Artificial Intelligence in hospitality – friend or foe?

Artificial Intelligence in hospitality – friend or foe?

Barely a day goes by without AI making the headlines – for the good, the bad and the ugly. Heralded as a means of streamlining processes and increasing management intelligence via automated functionalities, it can also be seen as a threat to jobs and the end of a more personal relationship between hotel and guest. 

There has even been talk of robot waiters, but we can rest assured that these days are not just round the corner. So what’s the fuss about – and how is artificial intelligence already being used in hotels?

How is AI already being used in the hospitality industry? 

From a guest perspective, you might never see any of it – but many hotels are already using it, most obviously within their PMS, as opposed to a separate layer of tech. From housekeeping to reservation management and electronic payments, everything flows through the property management system. Quantifying relationships between the ensuing data sets can then draw out conclusions, devise offers, adjust pricing or create a forecast. 

Armed with this information, hotels can therefore use it to further enhance the guest experience through carefully tailored services, optimised pricing and personalised promotional offers.

Changing the customisation game

AI within your PMS, CRM, BI and marketing platforms changes the customisation game at a deeper level, analysing guest behaviours and interests in depth in order to deliver personalised content such as bar, restaurant or spa recommendations, as well as ‘mass-personalised’ targeted marketing emails. Meanwhile remote check-in and check-out, bypassing human contact, is commonplace in hotels, providing guests with the tools to manage these processes themselves from their devices. Back in the boiler room, housekeeping and maintenance requirements can be predicted and streamlined by the use of algorithms to maximise efficient use of resources and minimise cost.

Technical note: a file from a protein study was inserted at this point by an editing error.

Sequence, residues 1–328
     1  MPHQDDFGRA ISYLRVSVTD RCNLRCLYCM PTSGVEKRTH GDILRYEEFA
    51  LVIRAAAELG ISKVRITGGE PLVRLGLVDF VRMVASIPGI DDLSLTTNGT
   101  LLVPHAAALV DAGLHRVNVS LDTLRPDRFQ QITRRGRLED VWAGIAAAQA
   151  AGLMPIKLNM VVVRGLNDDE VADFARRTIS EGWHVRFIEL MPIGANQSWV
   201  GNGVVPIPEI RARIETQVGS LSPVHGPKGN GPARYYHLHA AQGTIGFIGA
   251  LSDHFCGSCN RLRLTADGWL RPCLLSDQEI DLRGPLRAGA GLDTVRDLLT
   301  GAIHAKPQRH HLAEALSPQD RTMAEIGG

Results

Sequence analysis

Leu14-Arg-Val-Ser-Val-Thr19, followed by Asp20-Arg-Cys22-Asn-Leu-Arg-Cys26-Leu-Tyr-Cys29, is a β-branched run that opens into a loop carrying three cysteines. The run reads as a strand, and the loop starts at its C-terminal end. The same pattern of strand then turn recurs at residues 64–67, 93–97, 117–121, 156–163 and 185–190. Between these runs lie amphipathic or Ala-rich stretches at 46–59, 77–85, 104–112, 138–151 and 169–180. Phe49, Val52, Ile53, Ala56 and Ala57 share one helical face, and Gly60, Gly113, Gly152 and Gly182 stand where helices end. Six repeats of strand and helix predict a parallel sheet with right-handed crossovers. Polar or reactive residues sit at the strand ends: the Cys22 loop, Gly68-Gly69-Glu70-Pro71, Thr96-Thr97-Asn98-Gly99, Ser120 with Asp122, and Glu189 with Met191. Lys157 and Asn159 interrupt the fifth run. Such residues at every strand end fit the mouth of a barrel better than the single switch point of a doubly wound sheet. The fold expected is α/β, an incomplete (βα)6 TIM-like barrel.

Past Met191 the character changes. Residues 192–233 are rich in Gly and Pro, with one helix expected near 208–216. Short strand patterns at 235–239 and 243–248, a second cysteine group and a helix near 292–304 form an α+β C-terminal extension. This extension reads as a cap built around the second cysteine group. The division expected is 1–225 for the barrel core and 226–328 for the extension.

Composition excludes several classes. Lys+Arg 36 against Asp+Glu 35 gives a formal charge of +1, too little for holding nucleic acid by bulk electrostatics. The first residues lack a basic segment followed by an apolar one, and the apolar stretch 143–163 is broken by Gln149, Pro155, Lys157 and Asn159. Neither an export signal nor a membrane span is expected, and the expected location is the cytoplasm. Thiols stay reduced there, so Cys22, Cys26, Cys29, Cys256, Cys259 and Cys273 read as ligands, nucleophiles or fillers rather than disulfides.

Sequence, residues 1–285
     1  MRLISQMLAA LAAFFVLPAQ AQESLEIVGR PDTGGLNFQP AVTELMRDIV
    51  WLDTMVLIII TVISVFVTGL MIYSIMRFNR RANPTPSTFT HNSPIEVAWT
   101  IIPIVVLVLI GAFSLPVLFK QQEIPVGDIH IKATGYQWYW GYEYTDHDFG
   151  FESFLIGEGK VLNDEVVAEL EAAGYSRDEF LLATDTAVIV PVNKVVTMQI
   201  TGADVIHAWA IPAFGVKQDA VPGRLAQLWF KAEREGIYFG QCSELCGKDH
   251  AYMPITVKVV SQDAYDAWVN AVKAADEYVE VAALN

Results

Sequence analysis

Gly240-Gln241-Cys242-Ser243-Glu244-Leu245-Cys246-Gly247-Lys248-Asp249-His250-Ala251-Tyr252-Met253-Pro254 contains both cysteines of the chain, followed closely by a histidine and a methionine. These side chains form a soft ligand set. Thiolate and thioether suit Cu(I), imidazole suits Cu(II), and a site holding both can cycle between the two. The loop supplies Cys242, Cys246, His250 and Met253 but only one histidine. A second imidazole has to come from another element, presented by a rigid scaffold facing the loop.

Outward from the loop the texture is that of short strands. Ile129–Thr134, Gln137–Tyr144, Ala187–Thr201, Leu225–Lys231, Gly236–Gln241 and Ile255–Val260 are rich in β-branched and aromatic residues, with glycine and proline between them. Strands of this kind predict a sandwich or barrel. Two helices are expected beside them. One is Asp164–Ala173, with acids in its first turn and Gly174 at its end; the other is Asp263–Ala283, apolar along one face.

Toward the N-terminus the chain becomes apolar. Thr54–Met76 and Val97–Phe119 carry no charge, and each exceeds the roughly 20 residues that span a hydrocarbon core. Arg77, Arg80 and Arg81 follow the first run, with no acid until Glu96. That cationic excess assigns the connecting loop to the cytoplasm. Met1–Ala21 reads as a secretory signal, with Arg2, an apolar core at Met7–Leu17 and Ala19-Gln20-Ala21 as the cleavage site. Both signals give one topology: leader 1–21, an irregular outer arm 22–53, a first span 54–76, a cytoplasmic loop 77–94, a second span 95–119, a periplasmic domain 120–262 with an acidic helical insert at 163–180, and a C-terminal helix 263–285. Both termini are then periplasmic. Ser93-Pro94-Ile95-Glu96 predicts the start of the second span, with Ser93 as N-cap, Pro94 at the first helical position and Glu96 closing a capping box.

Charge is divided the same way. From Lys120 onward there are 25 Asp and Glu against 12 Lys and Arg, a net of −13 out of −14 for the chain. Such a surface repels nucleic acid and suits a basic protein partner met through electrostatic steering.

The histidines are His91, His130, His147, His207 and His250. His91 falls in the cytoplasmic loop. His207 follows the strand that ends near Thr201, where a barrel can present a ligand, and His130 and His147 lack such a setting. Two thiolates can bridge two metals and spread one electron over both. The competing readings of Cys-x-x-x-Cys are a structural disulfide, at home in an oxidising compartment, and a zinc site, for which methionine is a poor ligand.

Maths not Magic in your PMS

“AI is frequently thought about in the most extreme terms,” says Philip Rothaus, MD of a travel and hospitality improvement firm in Miami and former Global Travel AI Lead for Accenture. “It’s either seen as this very scary force that’s going to automate all of our jobs away and change the nature of our lives — or it’s seen as some sort of nirvana that is not attainable for mere mortals. But AI is math, not magic.” And this math is used in the development of all good property management systems.